Subject: I have found a DVD that I think you would enjoy
|Journey of Man|
Actor: Dr. Spencer Wells
Director: Clive Maltby
Genres: Television, Documentary
Studio: Pbs Release Date: 05/05/2009 Run time: 120 minutes
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Amazing story of our human history using DNA
W. Chen | Medellin, Colombia | 09/02/2004
(5 out of 5 stars)
"I first saw this when it premiered on PBS while I was at the beginning of my world travels in January 2003. One of the reasons I quit my job to go traveling was to satisfy my desire to know the truth about religion and spirituality. I traveled throughout Asia (As far West as India & Nepal), Australia, South America, and parts of Arabia. Africa awaits.
The show on PBS couldn't have been more timely as I watched it in a hotel room while in Arizona. (Started with a cross country USA drive) I have read/studied & watched numerous videos and books on evolution, different religions, etc... at least from a scientific standpoint this video in one stroke puts MANY (Not all) of the claims of various religions / belief systems into the category of "Comfort stories." THAT IS - if you believe in the science.
I found quite interesting the reaction of some of the people when confronted with these new discoveries. Old habits/beliefs die hard as evidenced by world events today and in the past century of rapid scientific thought and change on our world. Granted, the host Spencer Wells could have presented some of his findings in a slightly more "soothing" manner to some of the target groups. But, he recognized this early on I think and modified his approach. His enthusiasm and confidence are infectious and make watching the video fun - even after I watched it again on DVD since I have returned from traveling.
This show is so compelling and complete in its coverage of how we/man evolved and traveled out of Africa. Dr. Wells travels to Namibia, Kazakhstan, Siberia, Arizona, Brazil, North Australia, and South India among other places. He incorporates interviews with other scientists to support his work - such as linguists. While I didn't use DNA analysis in my travels to answer my questions, my insights into human psychology and observation of behavior only complemented what is in the video.
This is one of those videos (BBC's Blue Planet is another one) that I place in a special category of videos that should be mass distributed for free to every household possible around the world.
I also *HIGHLY* recommend the Shape of Life 4-DVD set, the logical prequel to the Journey of Man. For a broader picture of how we fit in our world - I also *HIGHLY* recommend National Geographic's Strange Days on Planet Earth 2-DVD set."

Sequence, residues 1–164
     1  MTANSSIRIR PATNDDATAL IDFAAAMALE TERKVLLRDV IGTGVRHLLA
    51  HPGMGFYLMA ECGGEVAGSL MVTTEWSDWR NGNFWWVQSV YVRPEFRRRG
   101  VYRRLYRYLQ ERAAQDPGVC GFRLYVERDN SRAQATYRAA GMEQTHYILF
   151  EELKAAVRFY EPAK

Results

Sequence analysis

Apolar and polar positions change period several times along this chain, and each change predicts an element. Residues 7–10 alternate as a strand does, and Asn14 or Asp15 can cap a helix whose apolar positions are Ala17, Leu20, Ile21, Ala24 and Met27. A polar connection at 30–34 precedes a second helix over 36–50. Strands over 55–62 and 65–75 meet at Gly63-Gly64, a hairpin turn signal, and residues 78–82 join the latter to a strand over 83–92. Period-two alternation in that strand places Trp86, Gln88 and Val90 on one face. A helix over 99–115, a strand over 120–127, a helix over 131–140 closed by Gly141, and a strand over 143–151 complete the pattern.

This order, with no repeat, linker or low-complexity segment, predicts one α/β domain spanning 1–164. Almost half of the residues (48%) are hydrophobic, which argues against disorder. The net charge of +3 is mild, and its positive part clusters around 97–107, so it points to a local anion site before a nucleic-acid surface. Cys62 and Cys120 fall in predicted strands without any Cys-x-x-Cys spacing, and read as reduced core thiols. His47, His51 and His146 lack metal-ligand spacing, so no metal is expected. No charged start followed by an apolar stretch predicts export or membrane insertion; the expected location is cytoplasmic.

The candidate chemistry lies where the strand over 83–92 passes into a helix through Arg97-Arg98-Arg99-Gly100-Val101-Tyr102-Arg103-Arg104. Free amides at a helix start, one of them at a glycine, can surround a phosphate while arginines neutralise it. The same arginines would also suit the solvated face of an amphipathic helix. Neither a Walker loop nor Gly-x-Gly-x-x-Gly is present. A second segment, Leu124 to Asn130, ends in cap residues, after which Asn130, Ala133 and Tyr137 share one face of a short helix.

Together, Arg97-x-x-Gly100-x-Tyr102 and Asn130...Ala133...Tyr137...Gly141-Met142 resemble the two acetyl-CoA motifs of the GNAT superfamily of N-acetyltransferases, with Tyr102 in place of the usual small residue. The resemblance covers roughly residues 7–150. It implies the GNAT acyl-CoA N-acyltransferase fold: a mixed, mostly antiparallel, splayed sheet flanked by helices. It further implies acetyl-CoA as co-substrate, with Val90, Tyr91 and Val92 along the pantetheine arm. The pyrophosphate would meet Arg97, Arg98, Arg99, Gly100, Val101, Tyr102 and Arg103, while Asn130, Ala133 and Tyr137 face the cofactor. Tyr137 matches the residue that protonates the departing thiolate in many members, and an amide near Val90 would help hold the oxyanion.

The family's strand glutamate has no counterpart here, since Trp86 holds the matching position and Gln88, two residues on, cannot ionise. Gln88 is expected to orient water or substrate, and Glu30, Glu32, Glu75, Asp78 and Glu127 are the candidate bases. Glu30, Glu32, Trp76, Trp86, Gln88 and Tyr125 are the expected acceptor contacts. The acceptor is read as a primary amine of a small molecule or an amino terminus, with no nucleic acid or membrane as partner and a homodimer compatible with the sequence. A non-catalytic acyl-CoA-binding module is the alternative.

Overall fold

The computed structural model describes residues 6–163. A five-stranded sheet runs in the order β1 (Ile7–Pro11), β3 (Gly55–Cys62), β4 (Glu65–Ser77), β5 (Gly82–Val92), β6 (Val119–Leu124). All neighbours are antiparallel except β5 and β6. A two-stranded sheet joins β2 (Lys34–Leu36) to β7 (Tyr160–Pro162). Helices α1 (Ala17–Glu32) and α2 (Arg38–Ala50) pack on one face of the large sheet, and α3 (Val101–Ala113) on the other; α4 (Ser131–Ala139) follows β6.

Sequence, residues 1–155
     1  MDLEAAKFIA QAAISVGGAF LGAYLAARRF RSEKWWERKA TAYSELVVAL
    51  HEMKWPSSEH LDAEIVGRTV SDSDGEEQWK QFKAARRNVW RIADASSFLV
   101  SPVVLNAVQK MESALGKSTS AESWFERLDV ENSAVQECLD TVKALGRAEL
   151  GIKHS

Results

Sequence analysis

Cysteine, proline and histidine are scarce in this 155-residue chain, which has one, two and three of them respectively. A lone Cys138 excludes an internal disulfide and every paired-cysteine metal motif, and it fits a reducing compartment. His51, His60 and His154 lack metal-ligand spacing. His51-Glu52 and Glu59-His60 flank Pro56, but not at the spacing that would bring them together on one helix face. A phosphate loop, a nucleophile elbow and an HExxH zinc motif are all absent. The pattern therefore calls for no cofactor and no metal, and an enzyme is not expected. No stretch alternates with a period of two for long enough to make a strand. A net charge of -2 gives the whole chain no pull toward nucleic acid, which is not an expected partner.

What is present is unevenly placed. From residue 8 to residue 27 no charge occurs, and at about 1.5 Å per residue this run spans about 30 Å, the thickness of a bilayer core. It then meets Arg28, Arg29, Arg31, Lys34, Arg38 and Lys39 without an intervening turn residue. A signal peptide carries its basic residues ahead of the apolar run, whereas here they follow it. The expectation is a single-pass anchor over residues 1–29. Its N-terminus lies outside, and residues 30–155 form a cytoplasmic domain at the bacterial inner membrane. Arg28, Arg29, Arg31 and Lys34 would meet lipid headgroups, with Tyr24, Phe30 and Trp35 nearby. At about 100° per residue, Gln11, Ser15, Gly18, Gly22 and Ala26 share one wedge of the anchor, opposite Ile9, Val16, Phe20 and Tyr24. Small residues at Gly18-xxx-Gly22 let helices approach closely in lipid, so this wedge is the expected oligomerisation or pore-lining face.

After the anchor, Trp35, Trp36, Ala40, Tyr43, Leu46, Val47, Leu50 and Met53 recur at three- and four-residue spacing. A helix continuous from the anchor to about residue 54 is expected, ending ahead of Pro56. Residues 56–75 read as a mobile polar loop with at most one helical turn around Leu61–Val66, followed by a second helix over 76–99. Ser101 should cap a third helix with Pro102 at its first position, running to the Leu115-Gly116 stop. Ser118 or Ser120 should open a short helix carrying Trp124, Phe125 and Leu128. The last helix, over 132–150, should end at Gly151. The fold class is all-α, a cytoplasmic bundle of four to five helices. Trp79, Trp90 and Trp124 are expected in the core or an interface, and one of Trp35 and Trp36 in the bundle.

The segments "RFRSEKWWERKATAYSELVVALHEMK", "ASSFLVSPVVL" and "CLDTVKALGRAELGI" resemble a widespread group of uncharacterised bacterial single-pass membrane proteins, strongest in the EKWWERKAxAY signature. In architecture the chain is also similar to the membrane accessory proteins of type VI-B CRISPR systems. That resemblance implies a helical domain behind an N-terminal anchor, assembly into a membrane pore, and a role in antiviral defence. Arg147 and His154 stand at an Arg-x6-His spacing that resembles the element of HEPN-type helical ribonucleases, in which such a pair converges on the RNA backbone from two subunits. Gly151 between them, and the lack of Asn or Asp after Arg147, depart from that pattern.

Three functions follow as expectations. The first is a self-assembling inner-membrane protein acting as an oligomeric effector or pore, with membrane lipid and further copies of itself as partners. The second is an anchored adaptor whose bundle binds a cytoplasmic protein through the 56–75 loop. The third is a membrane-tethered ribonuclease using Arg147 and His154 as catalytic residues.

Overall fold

The Best Documentary Ever
Thomas M. Seay | Palo Alto, California USA | 04/27/2005
(5 out of 5 stars)
"One is rightfully suspicious of bromides about how we are all "one" and that we are all brothers and sisters. However, at least twice in my life I have witnessed something that justifies these notions: one, the picture of the earth from the Apollo spaceship and, two, the documentary "Journey of Man".
The film-maker probably did not intend to make a sociological/political statement but the film certainly destroys racialist arguments about essential differences between human races. We are all descendants of Africa and, it would seem, all distant cousins of one another, even if that fact, highlighted by this film, does not erase political, social and cultural differences. If everyone saw this film, perhaps (and only perhaps) there would be less endorsements of war. Maybe that's a bit too hipeful, since wars are almost always these days presented as humanitarian wars by those who benefit from them.
One must marvel at the courage of our ancestors to undertake the great trek out of Africa. It's easy to understand going to Australia, but why did some migrate to the coldest regions of Siberia? That's the question I have."
Rosemary T. Desiervi | San Jose, CA | 06/06/2004
(5 out of 5 stars)
"If you read -- and believe -- what "jrmcgrail" wrote about this video (below), you will lose a wonderful opportunity to go on one of the most incredible science-based journeys on the planet that clearly, succinctly and simply shows us the origin of the human race. This video is a must-have for anyone who has ever asked the question, "where did we come from." The joy, beyond the enlightening science facts, is taking the journey with Dr. Wells to the far reaches of the earth, to meet and talk with the human beings whose genes gave birth to ours; to every race on the planet. It's a great exploration into our origins, and shows us that we are all one big family after all. Kudos to Dr. Wells for getting this project completed and for this captivating and well-done story."